Digital Public Defence: Marius Dalby
MD Marius Dalby at Institute of Clinical Medicine will be defending the thesis “Reflections from a randomized clinical trial of late in-the-bag intraocular lens dislocation surgery: Long-term clinical outcomes and a health economic evaluation” for the degree of PhD (Philosophiae Doctor).
Photo: Geir A. Qvale, Øyeavdelingen, Oslo Universitetssykehus
The public defence will be held as a video conference over Zoom.
The defence will follow regular procedure as far as possible, hence it will be open to the public and the audience can ask ex auditorio questions when invited to do so.
Due to copyright reasons, an electronic copy of the thesis must be ordered from the faculty. In order for the faculty to have time to process the order, it must be received by the faculty no later than 2 days prior to the public defence. Orders received later than 2 days before the defence will not be processed. Inquiries regarding the thesis after the public defence must be addressed to the candidate.
Digital Trial Lecture – time and place
- First opponent: Adjunct Professor Kari Krootila, Helsinki University Hospital, Finland
- Second opponent: Professor Maria Kugelberg, St. Eriks Ögonsjukehus, Karolinska Institutet, Sweden
- Third member and chair of the evaluation committee: Professor Pål Gulbrandsen, Faculty of Medicine, University of Oslo
Chair of the Defence
Professor Emeritus Knut Gjesdal, Faculty of Medicine, University of Oslo
Professor II Liv Drolsum, Faculty of Medicine, University of Oslo
Dislocation of an intraocular lens (IOL) inside the capsular bag may occur many years after uncomplicated cataract surgery and is often referred to as late in-the-bag IOL dislocation. The condition is one of the most common long-term complications after cataract surgery and if it gives visual impairment or severe ocular symptoms related to the loose lens, surgery is recommended.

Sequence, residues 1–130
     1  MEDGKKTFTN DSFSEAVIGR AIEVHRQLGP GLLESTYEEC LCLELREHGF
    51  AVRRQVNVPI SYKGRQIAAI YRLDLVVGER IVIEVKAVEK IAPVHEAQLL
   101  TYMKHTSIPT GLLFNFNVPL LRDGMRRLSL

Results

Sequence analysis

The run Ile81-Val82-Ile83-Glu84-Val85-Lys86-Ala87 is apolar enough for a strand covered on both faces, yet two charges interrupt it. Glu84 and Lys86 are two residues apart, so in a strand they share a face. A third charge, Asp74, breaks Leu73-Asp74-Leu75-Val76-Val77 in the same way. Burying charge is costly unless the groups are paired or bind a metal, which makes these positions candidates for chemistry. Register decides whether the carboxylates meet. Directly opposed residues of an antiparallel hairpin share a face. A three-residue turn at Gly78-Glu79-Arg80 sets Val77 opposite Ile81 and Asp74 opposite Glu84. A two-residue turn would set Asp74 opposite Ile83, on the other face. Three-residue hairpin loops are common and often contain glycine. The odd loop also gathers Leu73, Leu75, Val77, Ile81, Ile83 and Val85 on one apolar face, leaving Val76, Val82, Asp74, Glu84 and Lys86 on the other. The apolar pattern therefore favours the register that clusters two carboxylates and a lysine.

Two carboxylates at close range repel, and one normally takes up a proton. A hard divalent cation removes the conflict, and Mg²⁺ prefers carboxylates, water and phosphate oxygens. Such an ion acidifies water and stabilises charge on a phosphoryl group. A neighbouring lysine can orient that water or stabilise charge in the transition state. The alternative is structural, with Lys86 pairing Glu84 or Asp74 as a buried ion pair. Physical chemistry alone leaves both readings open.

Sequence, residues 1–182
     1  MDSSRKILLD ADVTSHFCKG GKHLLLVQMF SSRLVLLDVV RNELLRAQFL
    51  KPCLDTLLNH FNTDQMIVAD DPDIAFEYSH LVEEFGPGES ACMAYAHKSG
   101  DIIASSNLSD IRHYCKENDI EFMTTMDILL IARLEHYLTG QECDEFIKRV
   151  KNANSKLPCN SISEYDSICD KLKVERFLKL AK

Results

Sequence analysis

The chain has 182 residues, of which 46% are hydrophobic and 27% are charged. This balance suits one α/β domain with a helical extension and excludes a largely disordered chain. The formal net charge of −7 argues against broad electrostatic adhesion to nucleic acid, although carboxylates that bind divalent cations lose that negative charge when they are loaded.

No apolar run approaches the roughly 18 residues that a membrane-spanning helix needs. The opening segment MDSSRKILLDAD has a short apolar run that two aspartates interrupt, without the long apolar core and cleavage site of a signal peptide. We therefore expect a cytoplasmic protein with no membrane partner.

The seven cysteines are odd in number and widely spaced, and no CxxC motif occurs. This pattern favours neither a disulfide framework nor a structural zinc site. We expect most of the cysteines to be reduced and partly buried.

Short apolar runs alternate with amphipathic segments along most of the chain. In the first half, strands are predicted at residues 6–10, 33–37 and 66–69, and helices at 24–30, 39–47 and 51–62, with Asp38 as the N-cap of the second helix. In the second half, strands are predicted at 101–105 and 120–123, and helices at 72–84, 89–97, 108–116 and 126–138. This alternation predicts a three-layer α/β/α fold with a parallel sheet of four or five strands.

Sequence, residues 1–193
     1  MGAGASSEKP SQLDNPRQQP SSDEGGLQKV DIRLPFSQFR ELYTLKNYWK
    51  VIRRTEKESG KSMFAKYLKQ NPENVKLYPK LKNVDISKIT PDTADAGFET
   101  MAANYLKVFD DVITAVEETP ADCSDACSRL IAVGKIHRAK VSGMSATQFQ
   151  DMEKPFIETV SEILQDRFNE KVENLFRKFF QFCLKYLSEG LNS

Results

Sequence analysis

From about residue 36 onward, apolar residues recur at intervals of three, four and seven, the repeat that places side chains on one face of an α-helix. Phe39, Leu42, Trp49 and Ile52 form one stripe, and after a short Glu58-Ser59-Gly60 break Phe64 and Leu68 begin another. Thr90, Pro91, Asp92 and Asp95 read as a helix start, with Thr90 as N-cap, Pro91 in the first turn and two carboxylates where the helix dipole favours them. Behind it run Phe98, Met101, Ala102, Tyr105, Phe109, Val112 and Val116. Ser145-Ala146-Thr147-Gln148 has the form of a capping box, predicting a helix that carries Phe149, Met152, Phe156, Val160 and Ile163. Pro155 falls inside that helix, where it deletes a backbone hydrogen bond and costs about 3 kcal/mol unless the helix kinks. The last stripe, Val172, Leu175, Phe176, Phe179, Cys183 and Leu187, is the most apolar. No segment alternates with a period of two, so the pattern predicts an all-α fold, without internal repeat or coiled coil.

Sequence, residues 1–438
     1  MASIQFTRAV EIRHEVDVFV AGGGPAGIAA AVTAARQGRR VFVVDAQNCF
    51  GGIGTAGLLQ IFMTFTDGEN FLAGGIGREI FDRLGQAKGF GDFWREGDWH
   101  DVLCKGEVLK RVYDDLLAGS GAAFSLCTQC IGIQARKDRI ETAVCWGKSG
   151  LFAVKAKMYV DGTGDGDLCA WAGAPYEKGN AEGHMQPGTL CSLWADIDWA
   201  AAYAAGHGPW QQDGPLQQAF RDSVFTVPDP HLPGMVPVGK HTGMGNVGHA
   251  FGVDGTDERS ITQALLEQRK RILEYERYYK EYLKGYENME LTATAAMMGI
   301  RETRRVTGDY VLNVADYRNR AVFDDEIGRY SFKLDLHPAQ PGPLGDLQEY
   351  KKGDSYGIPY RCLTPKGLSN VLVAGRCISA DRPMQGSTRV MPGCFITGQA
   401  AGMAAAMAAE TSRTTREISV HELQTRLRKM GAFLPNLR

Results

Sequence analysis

There are several surgical approaches available, however, there has been no clear consensus on the preferable approach for different patients. This first randomized clinical trial of late in-the-bag IOL dislocation surgery compared IOL repositioning with scleral sutures versus IOL exchange with a retropupillary iris-claw lens. The thesis aimed to evaluate the long-term clinical outcomes and to perform a health economic evaluation of the two different treatments.
The long-term efficacy in terms of visual acuity was similar for the two treatment groups and the overall visual prognosis was good for these patients after surgical treatment. In terms of safety, the treatment groups had similar long-term complication profiles. The most common long-term complication in both groups was cystoid macular edema. Redislocation, a former argument against repositioning surgery, was rarely seen. The 2-year longitudinal corneal endothelial cell loss was similar for the two surgical groups, suggesting equal safety for the corneal endothelium from a long-term perspective.
In the health economic comparison repositioning surgery tended to be more cost-effective; however, adjustment for different surgical time consumption offset the difference in cost-effectiveness. Hence, cost-effectiveness alone was not considered sufficient to determine the superior method.
In conclusion, both IOL repositioning with scleral sutures and IOL exchange with a retropupillary iris-claw lens are suitable treatment options that can be recommended in the management of late in-the-bag IOL dislocation.
Contact the research support staff.